Notre Dame-Washington: Critiquing Clausen, Weis and the Fighting Irish Victory

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Notre Dame-Washington: Critiquing Clausen, Weis and the Fighting Irish Victory
(Photo by Jonathan Daniel/Getty Images)

After making my first trek to South Bend for a Notre Dame home game since the Irish played Stanford in 2002, I can say that it is official (and totally biased)—the best college football experience anyone can hope for is at Notre Dame. End of discussion.

This was the first time my Michigan-born wife went to a Notre Dame game. Now she understands, utterly and completely, why I feel so passionately about a team and a school I never attended.

It is somewhat ironic that the last two games I went to featured Notre Dame opponents coached the year prior by one-time Irish coach Tyrone Willingham.

Also, it is the last time that "roughing the snapper" had been called in a game to my recollection. I am still trying to figure that out. The last position I would ever want to play in football would be the snapper, simply because you know you are going get blown up every time.

I have stopped complaining about officiating.

There were plenty of bad calls both ways. One actually favored the Irish by overturning a would-be Washington touchdown based on some not-so-indisputable visual evidence.

The rest, as they say, is history after not one, but two goal-line stands by a rapidly improving Irish line.

Here are some points that I have been pondering since the game:



1. Defensive Line

The defensive line is growing up right before our eyes. Since they implemented a substitution philosophy, these guys aren’t gassed in the fourth quarter. Kapron Lewis-Moore is a diamond in the rough and the back-side pursuit was phenomenal. John Ryan has been making plays and Kerry Neal seems more comfortable in his new role. Thank you, Randy Hart and Bryant Young. This group seems really be responding to your coaching.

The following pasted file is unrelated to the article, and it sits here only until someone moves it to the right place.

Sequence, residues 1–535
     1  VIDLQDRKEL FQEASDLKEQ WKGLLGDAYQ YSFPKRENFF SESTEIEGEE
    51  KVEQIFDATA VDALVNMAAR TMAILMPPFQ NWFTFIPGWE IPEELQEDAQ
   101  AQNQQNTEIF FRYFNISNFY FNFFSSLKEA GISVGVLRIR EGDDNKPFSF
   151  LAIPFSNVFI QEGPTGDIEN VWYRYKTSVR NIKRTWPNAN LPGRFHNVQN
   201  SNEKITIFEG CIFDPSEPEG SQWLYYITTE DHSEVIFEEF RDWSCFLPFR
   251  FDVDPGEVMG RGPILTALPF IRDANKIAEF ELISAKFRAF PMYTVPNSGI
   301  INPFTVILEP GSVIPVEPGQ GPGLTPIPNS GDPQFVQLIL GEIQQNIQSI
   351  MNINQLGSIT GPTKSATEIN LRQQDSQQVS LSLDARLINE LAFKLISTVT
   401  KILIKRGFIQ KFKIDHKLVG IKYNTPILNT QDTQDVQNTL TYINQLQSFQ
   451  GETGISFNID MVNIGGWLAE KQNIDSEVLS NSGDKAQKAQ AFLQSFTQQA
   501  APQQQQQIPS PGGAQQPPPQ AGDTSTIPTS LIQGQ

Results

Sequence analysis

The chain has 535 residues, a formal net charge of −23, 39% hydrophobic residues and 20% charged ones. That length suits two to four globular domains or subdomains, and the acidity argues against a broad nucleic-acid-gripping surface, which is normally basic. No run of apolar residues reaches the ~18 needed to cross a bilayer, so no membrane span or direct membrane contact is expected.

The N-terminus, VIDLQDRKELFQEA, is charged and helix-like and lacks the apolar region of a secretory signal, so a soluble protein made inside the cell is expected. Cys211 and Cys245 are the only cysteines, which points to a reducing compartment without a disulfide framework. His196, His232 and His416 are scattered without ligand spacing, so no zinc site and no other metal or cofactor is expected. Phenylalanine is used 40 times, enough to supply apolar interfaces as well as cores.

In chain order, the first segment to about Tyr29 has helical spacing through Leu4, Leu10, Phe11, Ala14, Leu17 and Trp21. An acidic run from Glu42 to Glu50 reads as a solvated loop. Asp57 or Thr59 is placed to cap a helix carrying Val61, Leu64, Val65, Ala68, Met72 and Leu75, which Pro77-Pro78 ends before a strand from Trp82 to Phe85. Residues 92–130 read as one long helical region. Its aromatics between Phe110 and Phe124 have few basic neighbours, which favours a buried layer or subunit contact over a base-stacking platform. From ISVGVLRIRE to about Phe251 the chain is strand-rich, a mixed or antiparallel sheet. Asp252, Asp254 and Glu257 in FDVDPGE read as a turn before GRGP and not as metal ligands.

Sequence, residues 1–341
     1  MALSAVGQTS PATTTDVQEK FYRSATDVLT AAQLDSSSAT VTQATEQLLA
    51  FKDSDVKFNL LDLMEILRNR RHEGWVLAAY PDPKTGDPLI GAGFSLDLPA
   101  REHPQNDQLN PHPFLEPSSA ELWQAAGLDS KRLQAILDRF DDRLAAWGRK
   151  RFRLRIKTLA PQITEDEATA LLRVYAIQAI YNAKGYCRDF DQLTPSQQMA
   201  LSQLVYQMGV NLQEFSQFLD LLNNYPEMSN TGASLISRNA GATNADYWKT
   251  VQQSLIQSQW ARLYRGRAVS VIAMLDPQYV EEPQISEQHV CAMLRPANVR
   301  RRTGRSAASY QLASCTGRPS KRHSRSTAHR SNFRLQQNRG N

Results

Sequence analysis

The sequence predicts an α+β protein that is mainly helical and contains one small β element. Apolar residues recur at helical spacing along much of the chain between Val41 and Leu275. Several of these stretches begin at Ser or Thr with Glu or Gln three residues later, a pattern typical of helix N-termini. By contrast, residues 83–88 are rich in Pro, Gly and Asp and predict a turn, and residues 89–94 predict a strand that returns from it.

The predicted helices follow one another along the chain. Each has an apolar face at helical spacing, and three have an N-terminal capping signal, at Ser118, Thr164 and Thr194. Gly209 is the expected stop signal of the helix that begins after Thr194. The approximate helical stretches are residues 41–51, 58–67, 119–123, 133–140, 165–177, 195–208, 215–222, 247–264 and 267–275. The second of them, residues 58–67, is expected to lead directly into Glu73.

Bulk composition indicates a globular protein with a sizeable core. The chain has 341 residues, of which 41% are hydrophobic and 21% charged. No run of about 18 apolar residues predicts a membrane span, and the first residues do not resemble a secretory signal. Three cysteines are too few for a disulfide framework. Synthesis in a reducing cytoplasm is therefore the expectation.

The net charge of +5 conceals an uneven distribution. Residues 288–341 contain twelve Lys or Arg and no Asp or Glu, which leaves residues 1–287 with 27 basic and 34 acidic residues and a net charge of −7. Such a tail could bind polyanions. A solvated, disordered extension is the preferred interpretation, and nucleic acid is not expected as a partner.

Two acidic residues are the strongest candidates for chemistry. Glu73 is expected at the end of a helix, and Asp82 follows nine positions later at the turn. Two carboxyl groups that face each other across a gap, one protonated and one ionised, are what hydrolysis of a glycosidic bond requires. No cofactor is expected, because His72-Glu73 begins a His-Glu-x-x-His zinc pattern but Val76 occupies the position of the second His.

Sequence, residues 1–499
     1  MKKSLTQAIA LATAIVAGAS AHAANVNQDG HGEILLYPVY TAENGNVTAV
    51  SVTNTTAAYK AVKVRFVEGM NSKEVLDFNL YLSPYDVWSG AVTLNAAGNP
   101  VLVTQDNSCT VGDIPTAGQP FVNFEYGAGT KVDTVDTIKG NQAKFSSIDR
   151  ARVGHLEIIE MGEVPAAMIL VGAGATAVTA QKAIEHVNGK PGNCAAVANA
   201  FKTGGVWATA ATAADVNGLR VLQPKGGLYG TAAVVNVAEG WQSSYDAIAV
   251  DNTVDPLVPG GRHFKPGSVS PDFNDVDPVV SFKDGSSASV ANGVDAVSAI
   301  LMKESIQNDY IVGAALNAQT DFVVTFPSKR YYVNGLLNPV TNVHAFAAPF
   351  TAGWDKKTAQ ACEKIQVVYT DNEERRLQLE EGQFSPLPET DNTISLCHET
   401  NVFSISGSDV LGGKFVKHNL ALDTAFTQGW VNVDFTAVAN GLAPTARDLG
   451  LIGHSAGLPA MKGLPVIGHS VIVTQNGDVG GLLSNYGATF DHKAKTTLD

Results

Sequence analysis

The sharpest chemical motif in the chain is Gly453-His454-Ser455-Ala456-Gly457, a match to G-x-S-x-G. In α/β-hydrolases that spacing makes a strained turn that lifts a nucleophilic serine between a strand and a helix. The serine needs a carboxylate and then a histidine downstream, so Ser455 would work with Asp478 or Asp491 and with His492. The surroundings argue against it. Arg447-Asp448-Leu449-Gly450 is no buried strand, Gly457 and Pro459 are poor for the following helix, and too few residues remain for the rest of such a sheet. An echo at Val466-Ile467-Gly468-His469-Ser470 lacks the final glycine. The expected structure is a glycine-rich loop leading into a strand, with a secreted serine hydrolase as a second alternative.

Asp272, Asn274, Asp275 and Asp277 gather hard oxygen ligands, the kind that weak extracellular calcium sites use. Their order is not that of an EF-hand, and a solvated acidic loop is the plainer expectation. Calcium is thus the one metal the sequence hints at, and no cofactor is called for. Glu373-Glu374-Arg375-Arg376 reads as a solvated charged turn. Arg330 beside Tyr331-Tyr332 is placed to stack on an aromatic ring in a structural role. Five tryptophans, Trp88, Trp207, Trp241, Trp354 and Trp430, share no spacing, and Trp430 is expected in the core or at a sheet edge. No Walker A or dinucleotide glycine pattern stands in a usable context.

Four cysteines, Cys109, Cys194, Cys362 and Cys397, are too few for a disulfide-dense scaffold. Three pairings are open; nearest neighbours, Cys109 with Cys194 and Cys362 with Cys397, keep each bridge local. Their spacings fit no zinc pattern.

2. Secondary

In the preseason, everyone agreed that the secondary was the strength of this defense. I would like to formally retract that assessment. Raeshon McNeil and Gary Gray seem to be the better two. I can’t remember seeing a single cornerback get their head around on the deep pass when they have the inside position to make a play. Where is the inside position and press coverage to take away the short inside passes? Harrison Smith seems to be playing more like a strong safety instead of a free safety and has been out of position on a few too many play actions. Sergio Brown has been awful as the nickelback. Allowing nearly 60 percent completions and 260-plus yards per game is not acceptable. I expect a huge improvement moving forward.

That being said, Kyle McCarthy absolutely blew up the Washington receiver on the final play of overtime. Thank goodness for Kyle McCarthy.


3. Linebackers

Manti Te’o is the real deal. The defense was much more active and dynamic with him in the game. While he was out of position a few times, mostly due to of over-pursuit, it’s hard to believe he won't get better. Sorry Toryan Smith, you lost your starting job, but there is no shame in it. You are still pretty good against the run and played well in the goal line situations.


4. Overall

The tackling has been absolutely atrocious. There is no other way to put it. I think the coaching staff needs to bring in a local PAL team to teach these guys fundamentals. Between trying to wrap up too high and not knocking guys over, every opposing runner looks like Jim Brown. Get off the field on third down, please. Seriously. You are going to give some unknowing and unwilling fan a heart attack.


5. Coaching/Coordinating